When you think of Egypt, you think the Pyramids. Everyone goes to Cairo but then what? Well here are a few suggestions.
What most visitors today know as Luxor is actually three separate areas; the town of Luxor itself, the village of Karnak and its temple and the monuments and necropolis of ancient Thebes on the West Bank of the Nile. The Temples, tombs and palaces of Luxor are surrounded by modern day souqs (markets) and luxury hotels.
The Nile River divides the city into two banks. The East Bank is referred to as the 'City of the Living' and home to the major temples, whereas the West Bank is referred to as the 'City of the Dead' because it is where the royal necropolis is situated.
Heading away from the noise and hassle of Luxor towards the desert you can see one of the most striking vistas in Egypt - the Valley of the Kings. The east valley contains most of the royal burial sites including the tomb of Tutankhamun.
Hot Air Balloon Rides
Hod-Hod Soliman is one of only two companies that offer hot air balloon rides over Luxor. You take off from the west bank of Luxor, rise to 610m over the Ramesseum, then come down via the Colossi of Memnon, Medinet Habu, Hatshepsut's temple, to the edge of the desert. The company has a good reputation due to its well maintained balloons. On average, the company has 1000 customers pass through every month.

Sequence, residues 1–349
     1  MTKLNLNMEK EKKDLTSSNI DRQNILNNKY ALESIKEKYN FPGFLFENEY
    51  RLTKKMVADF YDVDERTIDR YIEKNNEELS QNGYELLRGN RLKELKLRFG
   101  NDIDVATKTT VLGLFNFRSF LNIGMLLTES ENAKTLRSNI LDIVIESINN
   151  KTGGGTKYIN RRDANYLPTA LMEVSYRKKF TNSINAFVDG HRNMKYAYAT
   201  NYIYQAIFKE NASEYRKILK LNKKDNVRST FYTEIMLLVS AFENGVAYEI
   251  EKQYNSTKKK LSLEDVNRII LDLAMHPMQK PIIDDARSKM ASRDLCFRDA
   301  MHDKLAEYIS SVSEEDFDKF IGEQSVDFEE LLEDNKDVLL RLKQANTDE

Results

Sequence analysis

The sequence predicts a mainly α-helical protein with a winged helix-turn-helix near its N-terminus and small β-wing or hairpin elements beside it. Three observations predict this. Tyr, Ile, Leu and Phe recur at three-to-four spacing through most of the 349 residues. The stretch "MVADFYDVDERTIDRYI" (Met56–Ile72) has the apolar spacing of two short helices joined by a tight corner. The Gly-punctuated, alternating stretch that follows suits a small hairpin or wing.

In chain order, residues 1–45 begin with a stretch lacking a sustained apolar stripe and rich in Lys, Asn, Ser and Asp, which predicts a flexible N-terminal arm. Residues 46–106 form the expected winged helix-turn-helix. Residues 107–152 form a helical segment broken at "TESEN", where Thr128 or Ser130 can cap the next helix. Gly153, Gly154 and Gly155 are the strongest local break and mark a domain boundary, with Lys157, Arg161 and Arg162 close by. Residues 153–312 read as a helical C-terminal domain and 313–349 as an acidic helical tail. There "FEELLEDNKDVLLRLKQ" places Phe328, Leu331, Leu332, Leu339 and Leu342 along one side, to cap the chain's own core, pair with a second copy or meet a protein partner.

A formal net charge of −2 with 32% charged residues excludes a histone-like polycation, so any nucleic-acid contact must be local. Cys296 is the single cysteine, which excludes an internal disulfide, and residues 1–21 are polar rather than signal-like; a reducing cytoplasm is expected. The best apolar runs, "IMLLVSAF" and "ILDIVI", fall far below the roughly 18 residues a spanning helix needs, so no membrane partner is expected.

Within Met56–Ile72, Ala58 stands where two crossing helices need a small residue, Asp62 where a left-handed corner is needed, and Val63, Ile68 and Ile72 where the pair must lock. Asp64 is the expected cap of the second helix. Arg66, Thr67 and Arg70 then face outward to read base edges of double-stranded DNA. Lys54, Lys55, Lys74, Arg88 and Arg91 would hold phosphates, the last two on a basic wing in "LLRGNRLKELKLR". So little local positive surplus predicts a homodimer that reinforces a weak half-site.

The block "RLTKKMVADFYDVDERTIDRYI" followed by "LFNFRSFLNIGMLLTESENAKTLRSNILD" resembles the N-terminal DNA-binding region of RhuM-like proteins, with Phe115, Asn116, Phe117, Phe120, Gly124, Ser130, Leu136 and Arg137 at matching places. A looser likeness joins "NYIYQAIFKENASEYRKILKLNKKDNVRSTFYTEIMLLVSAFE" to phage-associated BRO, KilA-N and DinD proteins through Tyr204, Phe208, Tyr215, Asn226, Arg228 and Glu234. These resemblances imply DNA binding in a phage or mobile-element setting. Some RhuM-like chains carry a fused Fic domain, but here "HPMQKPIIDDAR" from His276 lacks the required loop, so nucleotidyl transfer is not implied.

Laid back and pleasant, Aswan is the perfect place for a break from the rigours of travelling in Egypt. The Nile is particularly beautiful here. Thanks to its long history, Aswan has a mixture of Pharaonic, Graeco-Roman, Coptic, Islamic and modern monuments.
There are over 250 cruisers sailing the waters between Aswan and Luxor - so many that there is a moratorium on the launching of new boats. Cruisers are the easiest way to see the Nile in comfort and on a mid-range budget. There are hundreds of cruisers travelling the Nile but they are not the only option for river journeys. Cheaper and more popular with independent travellers are feluccas (simple sailing boats).
Abu Simbel is part of the UNESCO World Heritage Site known as the "Nubian Monuments", which run from Abu Simbel downriver to Philae (near Aswan).The twin temples of Abu Simbel were carved out of the mountainside during the reign of Pharaoh Ramesses II in the 13th century BC, as a lasting monument to himself and his queen Nefertari. Abu Simbel remains one of Egypt's top tourist attractions and is a must see destination.